Can’t handle Microcenter. The one in Houston has rude employees disinterested in helping the customers and never had the sale items available when I went there. I only go there if I need a cable or something I can find myself without needing help that no other store has in stock.

    I never had any issues with Best Buy other than the high pressure service contract spiel. I finally had to tell one sales person that if they mentioned the service contract one more time I would walk. They stopped pushing.

  • MarkKelling

    I got a great deal on Sirius when I bought my current car – one time payment of $500 for life (certain restrictions applied. ;-)).

    Six years later and it is still working fine and no push to pay more for it.

  • DavidYoung2

    We have a Micro Center locally. Decent prices, but low quality product. Went to buy more memory for my computer and all they had was downgraded garbage. I told the sales guy, “I’ll pay more for the good stuff, just show me where it is.” Then he confided that they don’t have ANY major brand — just downgrades and cheap junk. I had to go somewhere else.

    Funny thing, I went to Fry’s and they had the SAME problem. Just cheap garbage.

    But for cables or blank DVDs, Fry’s and Micro Center are fine. As long as you don’t want anything that’s quality…..

  • Fishplate

    Yep. Bare board, etch-resistant pen, and ferric chloride. You’ll have a new computer in no time! (Some assembly required)

  • LeeAnneClark

    Disqus seems to have gone through some sort of horrific “upgrade” which has caused it to seize up and turn itself inside out like an epileptic alien. I’m having the same problem on other blogs that use Disqus as well.

    “Upgrade” – the scariest word in the English language.

  • Justin

    So how much of the board is assembled or are you buying the components and doing 100% of the building?

    Love to learn that, but I’m no electronics engineer =).

  • Justin

    I’d shop at the one in Houston. I think the staff at most stores are disinterested in helping customers these days. I’ve yet to walk into most shops and have people running to help. Seems the service industry is less than service oriented.

    I’ve found plenty of name brand items at Microcenter. I got an intel i7 for 199.99 there when it was being sold for 279.99 online. Forgot what else I bought there, too.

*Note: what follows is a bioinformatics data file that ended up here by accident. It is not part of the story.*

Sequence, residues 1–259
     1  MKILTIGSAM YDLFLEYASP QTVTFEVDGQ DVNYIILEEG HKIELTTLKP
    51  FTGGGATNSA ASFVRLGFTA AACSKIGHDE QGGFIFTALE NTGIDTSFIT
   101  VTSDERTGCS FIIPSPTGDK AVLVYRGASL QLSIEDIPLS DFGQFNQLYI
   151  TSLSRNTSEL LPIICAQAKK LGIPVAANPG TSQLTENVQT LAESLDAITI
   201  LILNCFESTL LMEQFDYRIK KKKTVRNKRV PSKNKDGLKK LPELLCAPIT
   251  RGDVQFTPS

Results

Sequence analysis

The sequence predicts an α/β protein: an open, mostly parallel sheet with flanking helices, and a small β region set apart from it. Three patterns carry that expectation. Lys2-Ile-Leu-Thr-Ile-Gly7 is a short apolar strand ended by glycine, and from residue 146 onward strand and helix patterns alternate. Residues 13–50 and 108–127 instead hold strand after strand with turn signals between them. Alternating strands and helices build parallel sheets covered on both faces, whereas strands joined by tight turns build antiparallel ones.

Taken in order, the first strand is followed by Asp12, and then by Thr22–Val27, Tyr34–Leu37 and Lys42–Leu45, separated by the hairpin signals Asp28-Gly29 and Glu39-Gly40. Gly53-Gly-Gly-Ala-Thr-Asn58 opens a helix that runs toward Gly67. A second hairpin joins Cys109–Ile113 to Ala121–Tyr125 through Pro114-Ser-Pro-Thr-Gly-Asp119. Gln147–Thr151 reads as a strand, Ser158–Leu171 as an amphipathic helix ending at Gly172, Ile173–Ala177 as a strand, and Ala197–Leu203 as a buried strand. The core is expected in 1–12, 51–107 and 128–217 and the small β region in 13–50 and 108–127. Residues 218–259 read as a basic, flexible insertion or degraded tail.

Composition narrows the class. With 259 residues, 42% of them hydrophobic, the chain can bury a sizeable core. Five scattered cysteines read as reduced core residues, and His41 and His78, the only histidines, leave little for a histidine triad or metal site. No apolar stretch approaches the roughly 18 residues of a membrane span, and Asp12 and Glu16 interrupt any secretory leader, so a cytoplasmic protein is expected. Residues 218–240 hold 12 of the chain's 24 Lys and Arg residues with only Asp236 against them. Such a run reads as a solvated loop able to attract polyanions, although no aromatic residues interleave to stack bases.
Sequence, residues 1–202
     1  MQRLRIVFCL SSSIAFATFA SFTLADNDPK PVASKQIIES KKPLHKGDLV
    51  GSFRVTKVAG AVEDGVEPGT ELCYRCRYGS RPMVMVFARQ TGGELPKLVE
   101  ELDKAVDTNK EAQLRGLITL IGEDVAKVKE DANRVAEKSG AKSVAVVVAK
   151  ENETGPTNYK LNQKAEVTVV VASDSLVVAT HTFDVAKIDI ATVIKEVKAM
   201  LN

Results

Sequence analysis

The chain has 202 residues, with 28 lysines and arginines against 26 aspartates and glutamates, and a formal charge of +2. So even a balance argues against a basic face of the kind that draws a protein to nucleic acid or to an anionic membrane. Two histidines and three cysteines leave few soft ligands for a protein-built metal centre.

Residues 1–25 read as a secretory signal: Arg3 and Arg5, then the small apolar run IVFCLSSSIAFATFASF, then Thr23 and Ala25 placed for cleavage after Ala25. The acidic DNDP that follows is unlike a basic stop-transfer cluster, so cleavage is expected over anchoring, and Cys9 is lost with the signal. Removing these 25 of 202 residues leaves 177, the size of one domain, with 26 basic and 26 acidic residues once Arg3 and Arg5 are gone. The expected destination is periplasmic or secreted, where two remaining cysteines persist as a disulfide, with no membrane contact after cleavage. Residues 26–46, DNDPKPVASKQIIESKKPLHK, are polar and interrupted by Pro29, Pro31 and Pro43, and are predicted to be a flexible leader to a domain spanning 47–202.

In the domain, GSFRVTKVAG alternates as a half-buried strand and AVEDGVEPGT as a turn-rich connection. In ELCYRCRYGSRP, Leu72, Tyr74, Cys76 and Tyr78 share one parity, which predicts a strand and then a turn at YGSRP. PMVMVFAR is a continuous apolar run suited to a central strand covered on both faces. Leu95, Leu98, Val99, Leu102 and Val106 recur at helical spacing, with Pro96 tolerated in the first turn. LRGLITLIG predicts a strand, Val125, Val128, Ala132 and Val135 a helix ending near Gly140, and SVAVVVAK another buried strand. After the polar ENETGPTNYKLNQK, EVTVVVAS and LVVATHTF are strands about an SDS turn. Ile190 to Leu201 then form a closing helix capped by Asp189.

Never been a Best Buy fan. Prices are usually very high, though their new price match policies are more customer friendly.

  • Justin

    Never had a problem with low rent products. I always research what I buy. Their website lists what’s in stock. I haven’t been there in a few years, as I’ve moved out of Texas. However, I did find decent items at the time.

  • Justin

    CompUSA wasn’t bad… Why did you hate them?

  • Extramail

    I was shopping at Macy’s during the Christmas holidays and, when I checked out, I told the sales person what the pants were selling on line for. He gave me that price and then used my coupon for a discount. He did it so quickly that I wondered if maybe they were even cheaper than I thought on that particular day. So, sometimes shopping for the lowest price doesn’t feel like you’ve gotten the lowest price on that day.

    There are also some stores that if you pay full price for anything then you know you’ve overpaid (see Belk department store).

  • Extramail

    Did the same to me and I suggested they give me a refund for my having overpaid for months since I never thought to cancel to see if they would offer me a lower price. The xm rep laughed so I walked. It burns me up when I see all the marvelous offers being offered to “new” customers when us “old” customers have been paying their “old” prices. I understand you have to have teaser rates to attract new customers but if you offered us a fair price always then you might have customers stick around longer.

  • Carver Clark Farrow

    Lol. His wife is my sister, no Ace cards :-P

  • Carver Clark Farrow